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- Expression of the Transmembrane Lysosomal Protein SCARB2/Limp-2 in Renin Secretory Granules Controls Renin Release. [JOURNAL ARTICLE]
- Nephron Exp Nephrol 2013 Apr 26; 122(3-4):103-113.
Background/Aims:Renin processing and storage is believed to occur in lysosome-like structures in the afferent arteriole. SCARB2/Limp-2 is a transmembrane lysosomal protein responsible for the intracellular trafficking of β-glucocerebrosidase. This study aimed to confirm the expression of SCARB2/Limp-2 in renin secretory granules, and explore its role in renin processing and secretion.
Methods:Co-localisation studies of (pro)renin with lysosomal membrane proteins, SCARB2/Limp-2, LAMP-1 and LAMP-2, were performed in mouse and human kidney sections. Intrarenal expression and secretion of (pro)renin in wild-type (WT) and Limp-2(-/-) mice were compared with and without stimulation.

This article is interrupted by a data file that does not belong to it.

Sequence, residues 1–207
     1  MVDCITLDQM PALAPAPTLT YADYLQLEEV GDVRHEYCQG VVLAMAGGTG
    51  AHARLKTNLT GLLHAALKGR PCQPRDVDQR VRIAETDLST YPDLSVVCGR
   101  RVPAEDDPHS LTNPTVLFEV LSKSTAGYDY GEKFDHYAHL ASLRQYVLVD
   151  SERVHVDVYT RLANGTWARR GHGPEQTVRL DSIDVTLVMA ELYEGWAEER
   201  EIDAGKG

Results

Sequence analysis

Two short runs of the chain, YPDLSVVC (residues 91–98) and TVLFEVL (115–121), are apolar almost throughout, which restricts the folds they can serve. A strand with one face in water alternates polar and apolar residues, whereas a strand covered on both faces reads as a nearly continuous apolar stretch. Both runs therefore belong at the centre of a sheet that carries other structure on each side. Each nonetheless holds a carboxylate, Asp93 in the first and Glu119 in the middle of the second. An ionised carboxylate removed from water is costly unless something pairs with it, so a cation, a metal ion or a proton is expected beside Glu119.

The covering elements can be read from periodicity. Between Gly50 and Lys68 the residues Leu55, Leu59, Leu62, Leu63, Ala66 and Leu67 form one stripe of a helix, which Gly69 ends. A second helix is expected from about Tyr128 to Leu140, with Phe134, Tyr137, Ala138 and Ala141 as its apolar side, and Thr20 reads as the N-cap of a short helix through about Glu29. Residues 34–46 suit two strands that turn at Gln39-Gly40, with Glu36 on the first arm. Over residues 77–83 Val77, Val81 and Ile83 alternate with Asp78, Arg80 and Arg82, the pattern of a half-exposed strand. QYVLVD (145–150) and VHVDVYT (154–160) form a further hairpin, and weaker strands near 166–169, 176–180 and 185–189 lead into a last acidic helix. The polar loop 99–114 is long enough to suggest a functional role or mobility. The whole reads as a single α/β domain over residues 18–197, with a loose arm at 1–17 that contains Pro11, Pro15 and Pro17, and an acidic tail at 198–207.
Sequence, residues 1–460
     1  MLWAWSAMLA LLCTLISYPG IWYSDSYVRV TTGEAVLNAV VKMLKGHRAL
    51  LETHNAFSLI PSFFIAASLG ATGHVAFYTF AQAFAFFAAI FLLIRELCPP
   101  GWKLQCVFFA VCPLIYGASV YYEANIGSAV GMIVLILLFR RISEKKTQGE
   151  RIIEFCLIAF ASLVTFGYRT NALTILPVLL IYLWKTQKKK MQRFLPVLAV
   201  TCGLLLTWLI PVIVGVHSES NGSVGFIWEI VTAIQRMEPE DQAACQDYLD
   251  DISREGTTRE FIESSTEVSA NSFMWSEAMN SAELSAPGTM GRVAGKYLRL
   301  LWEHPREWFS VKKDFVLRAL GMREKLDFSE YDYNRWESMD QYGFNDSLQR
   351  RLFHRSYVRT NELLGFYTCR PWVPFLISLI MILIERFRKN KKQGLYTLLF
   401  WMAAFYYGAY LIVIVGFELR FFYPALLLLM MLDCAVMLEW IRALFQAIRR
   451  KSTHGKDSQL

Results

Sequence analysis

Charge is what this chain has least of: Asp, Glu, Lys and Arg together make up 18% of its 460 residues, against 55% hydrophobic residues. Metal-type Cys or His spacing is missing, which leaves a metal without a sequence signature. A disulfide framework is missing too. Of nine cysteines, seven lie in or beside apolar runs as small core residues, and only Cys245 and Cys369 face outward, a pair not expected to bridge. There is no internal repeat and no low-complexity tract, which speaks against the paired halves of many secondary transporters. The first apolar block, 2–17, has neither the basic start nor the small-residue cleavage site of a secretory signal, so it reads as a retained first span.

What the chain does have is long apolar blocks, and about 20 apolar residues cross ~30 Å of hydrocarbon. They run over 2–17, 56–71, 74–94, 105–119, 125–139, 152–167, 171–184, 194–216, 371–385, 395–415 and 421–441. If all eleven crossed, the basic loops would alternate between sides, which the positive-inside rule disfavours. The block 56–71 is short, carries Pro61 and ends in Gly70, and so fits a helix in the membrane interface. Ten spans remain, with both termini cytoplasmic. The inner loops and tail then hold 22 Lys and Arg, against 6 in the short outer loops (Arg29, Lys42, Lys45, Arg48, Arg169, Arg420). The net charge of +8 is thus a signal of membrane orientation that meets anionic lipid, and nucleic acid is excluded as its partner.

Results:SCARB2/Limp-2, LAMP-1 and LAMP-2 co-localised with (pro)- renin in mouse and human kidney. Plasma renin concentration was increased in Limp-2(-/-) mice when compared to WT littermates. No change in (pro)renin expression, however, was observed in Limp-2(-/-) mouse kidney cortex by immunofluorescence microscopy, Western blotting, quantitative RT-PCR or the ultrastructural appearance of renin secretory granules. Acute stimulation of renin release by isoprenaline or hydralazine was similar in WT and Limp-2(-/-) mice. Following chronic salt restriction, however, immunofluorescence microscopy showed less (pro)renin expressed in Limp-2(-/-) compared with WT mouse kidneys, and there was significantly less prorenin but not renin by Western blotting in Limp-2(-/-) mouse kidney cortex, despite no difference in circulating renin levels.